Health Care Reform Is Taking A Bite Out Of Health Savings Accounts’ High Deductibles 62.1888932-2946.ws

If you have a Health Savings Accounts (HSA), you also have one of the high-deductible health insurance plans that is qualified to be combined with an HSA. A high-deductible plan used to mean that you would have to pay for preventive care, like an annual check-up, out of your own pocket.

With health care reform, that is changing as of September 23, 2010. It will no longer matter how high your health insurance deductible is. Preventive care, including flu shots, will be covered at 100 percent period. That will be true for any plan issued as of September 23, but older plans may not incorporate the new law until a plan’s annual renewal date, which is typically January 1st.

Unfortunately, flu season will be upon us before all of the high-deductible health insurance plans implement free preventive care. What else can you do to protect yourself from getting the flu? 

What Can You Do To Prevent Getting The Flu?

Besides flu vaccinations, you can do a lot to stop the flu, or colds for that matter, from making you sick. Frequently washing your hands whenever you handle anything the public touches can help keep you safe. The type of soap you use matters less than how you wash. Antibacterial soap has not been proven to be more effective than regular soap. While washing your hands may not actually kill germs, it does protect you by removing germs from your hands.

To get your hands clean, you don’t have to use hot water. Warm water will do just fine. It’s recommended to vigorously soap your hands for a full 20 seconds. Never turn the water off with your bare hands, either. Use a paper towel to touch dirty handles. Drying your hands thoroughly is just as important as washing them because wet hands are more likely to carry germs than dry hands. 

What if you don’t have access to soap and water? Hand sanitizers, according to the Centers for Disease Control research, work as well as washing your hands if the alcohol content is at least 60 percent and your hands are not noticeably dirty.

Could A Simple Vitamin Protect You From The Flu?

A national study involving approximately 19,000 Americans revealed that people who suffered from colds and the flu had low levels of vitamin D in their blood. Could something as simple as a vitamin really fight disease?

Amazingly, vitamin D creates more than 200 anti-microbial peptides, which serve as broad-spectrum antibiotics. That explains why people with low levels of vitamin D are less able to fight off colds, different strains of the flu or other respiratory infections.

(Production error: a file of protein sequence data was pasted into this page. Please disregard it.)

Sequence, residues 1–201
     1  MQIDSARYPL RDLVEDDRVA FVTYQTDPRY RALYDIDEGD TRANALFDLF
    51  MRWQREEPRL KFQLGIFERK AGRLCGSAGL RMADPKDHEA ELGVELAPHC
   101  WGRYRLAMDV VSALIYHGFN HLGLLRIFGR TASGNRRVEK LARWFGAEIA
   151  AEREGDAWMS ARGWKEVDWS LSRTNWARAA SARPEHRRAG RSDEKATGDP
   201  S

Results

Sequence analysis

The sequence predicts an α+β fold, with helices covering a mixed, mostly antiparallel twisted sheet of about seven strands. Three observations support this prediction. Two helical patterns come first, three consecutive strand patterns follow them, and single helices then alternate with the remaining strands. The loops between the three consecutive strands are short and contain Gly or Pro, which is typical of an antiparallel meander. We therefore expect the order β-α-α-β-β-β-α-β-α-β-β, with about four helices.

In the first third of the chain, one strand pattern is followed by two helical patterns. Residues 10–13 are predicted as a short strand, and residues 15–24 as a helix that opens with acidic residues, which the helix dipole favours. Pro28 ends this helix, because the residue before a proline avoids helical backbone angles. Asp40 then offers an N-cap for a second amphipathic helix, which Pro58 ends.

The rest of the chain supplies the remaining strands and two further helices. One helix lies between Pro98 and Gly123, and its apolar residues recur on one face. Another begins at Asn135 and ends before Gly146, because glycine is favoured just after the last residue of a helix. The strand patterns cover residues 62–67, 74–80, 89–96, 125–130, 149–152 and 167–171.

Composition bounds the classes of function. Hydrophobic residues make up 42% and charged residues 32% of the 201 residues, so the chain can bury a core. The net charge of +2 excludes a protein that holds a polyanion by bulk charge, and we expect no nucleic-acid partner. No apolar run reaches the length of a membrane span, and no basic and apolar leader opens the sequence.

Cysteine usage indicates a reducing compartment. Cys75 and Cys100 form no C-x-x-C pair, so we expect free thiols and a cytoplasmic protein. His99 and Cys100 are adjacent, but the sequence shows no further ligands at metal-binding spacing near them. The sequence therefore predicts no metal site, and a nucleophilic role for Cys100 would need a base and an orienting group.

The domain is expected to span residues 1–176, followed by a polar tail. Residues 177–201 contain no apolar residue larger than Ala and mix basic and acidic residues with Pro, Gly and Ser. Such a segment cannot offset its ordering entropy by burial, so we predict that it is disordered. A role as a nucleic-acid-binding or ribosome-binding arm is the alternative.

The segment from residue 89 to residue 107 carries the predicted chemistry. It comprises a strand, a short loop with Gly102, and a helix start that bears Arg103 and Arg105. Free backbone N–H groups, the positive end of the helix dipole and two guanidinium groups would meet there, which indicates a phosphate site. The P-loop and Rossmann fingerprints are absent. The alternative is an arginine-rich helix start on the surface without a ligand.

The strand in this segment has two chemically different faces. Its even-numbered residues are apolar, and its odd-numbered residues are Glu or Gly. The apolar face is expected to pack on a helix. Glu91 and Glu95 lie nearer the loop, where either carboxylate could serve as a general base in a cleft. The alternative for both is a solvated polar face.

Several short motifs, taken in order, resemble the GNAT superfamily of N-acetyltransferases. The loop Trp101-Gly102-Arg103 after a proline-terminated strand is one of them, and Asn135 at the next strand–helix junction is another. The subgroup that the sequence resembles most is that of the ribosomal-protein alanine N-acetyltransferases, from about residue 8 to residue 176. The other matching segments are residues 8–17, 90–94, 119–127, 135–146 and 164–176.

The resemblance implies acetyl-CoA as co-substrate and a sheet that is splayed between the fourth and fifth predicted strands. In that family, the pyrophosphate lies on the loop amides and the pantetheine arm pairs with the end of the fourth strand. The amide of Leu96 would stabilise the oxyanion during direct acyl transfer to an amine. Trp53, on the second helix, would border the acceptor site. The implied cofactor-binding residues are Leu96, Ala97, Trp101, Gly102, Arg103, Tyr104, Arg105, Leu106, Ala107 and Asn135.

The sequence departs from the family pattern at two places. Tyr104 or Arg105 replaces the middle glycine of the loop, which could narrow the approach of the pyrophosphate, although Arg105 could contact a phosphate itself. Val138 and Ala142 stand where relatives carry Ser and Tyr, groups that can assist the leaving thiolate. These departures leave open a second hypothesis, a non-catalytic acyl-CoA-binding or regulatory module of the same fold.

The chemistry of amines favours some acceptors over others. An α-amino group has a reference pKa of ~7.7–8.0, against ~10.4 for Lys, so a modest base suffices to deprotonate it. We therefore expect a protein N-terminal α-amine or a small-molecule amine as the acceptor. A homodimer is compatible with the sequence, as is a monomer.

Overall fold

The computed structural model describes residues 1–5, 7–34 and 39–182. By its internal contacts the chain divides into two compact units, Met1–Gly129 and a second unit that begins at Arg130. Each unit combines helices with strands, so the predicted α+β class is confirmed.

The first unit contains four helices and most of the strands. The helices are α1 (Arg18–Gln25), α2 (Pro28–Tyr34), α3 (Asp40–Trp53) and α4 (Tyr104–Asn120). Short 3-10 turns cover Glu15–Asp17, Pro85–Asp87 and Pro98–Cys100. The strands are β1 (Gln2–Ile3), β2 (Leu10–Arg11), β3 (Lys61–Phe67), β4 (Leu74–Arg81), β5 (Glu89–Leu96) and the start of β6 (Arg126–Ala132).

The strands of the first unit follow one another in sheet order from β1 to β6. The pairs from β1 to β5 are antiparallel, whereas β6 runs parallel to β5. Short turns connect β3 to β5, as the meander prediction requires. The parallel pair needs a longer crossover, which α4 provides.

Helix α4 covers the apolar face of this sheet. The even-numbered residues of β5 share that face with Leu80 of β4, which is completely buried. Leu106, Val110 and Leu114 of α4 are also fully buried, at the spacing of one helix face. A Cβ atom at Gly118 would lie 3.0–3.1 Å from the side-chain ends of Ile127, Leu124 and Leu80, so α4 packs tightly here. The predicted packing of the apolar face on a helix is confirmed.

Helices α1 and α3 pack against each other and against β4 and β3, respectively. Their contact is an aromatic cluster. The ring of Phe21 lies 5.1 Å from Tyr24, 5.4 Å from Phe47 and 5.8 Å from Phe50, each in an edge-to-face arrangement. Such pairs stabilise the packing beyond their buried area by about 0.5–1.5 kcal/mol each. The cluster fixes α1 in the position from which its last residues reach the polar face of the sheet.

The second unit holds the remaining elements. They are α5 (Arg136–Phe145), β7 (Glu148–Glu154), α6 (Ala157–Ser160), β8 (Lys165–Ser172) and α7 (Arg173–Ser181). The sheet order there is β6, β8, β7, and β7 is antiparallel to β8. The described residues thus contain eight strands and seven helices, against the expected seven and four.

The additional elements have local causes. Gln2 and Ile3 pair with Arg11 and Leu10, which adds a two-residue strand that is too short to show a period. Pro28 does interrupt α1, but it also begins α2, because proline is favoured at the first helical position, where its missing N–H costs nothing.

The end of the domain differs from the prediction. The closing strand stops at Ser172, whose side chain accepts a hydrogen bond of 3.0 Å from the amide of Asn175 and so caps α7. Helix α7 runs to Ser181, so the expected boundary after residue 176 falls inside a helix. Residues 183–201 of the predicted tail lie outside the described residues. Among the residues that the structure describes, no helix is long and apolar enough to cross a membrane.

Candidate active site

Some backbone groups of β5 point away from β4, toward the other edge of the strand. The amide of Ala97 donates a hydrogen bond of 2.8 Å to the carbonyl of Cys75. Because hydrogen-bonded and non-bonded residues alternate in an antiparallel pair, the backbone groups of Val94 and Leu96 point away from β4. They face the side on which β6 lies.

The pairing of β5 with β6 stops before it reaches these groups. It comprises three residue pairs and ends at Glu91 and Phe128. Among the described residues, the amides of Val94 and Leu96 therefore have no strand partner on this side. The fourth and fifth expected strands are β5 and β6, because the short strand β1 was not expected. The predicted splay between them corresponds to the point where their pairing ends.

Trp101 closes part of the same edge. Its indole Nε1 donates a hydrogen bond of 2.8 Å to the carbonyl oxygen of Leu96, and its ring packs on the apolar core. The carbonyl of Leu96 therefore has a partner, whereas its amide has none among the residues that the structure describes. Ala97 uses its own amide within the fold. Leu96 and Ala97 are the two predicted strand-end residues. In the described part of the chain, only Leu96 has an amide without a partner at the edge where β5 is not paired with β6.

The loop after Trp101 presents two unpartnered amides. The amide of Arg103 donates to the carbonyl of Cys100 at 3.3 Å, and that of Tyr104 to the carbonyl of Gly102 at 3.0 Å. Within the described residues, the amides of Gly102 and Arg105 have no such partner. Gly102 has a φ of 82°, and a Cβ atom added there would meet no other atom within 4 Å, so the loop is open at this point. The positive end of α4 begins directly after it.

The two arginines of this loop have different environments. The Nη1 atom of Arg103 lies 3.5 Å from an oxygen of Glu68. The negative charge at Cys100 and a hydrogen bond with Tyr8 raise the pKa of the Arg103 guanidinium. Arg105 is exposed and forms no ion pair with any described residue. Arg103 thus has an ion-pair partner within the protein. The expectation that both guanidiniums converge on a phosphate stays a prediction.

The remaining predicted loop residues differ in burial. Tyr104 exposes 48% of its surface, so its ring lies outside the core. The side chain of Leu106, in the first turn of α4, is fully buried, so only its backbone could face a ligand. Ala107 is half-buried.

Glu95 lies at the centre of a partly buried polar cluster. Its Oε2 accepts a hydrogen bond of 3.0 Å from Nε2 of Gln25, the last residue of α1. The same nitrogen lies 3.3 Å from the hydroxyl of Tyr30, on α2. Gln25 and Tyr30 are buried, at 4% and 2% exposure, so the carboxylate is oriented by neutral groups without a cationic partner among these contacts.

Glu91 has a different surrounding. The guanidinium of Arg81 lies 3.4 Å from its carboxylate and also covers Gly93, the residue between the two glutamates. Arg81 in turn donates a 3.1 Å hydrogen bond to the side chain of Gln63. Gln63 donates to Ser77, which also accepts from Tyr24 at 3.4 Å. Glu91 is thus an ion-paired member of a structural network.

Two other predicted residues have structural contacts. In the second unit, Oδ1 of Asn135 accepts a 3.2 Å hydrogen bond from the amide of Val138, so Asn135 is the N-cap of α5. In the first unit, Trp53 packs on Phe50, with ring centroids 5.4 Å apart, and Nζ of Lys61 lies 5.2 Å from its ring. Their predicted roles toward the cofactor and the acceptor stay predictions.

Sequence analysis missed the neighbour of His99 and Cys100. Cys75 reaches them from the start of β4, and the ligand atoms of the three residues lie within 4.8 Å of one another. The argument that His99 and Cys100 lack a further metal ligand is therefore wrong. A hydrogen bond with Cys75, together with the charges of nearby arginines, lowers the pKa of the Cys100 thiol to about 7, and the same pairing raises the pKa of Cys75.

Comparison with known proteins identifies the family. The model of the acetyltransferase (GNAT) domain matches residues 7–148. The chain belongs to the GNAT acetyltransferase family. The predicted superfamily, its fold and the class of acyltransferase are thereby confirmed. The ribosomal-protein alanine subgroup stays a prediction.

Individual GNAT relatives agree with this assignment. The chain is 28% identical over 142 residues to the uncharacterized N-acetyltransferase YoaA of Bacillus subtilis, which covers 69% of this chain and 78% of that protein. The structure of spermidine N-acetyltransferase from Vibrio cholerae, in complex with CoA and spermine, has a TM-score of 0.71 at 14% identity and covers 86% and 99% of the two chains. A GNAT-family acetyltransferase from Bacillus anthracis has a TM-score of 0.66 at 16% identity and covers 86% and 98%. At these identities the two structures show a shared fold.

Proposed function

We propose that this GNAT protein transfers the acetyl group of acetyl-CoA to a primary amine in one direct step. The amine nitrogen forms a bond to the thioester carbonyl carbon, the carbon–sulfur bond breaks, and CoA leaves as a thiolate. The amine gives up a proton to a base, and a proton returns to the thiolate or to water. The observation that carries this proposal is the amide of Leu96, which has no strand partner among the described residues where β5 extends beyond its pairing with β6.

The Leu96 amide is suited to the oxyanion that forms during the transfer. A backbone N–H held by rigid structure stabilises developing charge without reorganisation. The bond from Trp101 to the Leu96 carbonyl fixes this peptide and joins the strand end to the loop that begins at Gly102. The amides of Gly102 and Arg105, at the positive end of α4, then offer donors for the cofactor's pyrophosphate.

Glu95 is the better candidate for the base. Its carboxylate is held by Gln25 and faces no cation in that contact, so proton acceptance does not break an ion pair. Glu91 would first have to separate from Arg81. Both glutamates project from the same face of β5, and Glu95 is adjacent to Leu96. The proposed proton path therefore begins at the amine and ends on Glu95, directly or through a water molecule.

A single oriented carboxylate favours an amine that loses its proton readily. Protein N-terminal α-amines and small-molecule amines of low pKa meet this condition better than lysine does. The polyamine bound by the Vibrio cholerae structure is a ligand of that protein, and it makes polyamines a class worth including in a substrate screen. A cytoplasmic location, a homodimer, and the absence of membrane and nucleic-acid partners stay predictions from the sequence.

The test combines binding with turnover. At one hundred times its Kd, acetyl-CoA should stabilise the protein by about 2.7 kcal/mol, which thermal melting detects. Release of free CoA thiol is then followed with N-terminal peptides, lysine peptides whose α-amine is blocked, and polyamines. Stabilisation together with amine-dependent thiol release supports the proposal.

Other studies (in 2004, 2007 and 2009) have confirmed the association between vitamin D deficiency and disease. How much vitamin D do you need? For optimal protection throughout the cold and flu season, you need vitamin D blood levels in the range of 50-65 ng/ml. 

Blood tests are the only way to accurately assess the amount of vitamin D in your blood, but there are general daily recommendations. For children under five, 35 units per pound are recommended per day. For those age five to ten, 2,500 units are recommended. It’s typically suggested that adults take 5,000 units daily, but some individuals require more to get their blood levels of vitamin D into the optimal range.

What Can You Do After You Have The Flu?

Of course, your best bet is to keep adequate amounts of vitamin D circulating in your blood to ward off illness, but would extra doses of vitamin D help after you get sick? 

According to Dr. Joseph Mercola, who publishes a natural health newsletter, if you have not been taking vitamin D and develop flu-like symptoms, you can up to 50,000 units of vitamin D a day for three days. As Executive Director of the nonprofit Vitamin D Council, Dr. John Cannell recommends a dose as high as 1,000 units of vitamin D per pound of body weight for just three days. 

It appears that vitamin D is not the only natural way to fight the flu, either. Green tea, which should be organic, is another proven resource to fight infection because it makes antibiotics work better. Researchers at Egypt’s Alexandria University found that green tea ramped up the effectiveness of every antibiotic they tested.

Combining green tea with a range of antibiotics improved the bacteria-killing ability of the antibiotics in fighting 28 microorganisms that cause disease. In the most extreme example, the antibiotic Chloramphenicol was 99.99 percent more effective when combined with green tea than when used alone. Even low concentrations of green tea enhanced the effectiveness of antibiotics. 

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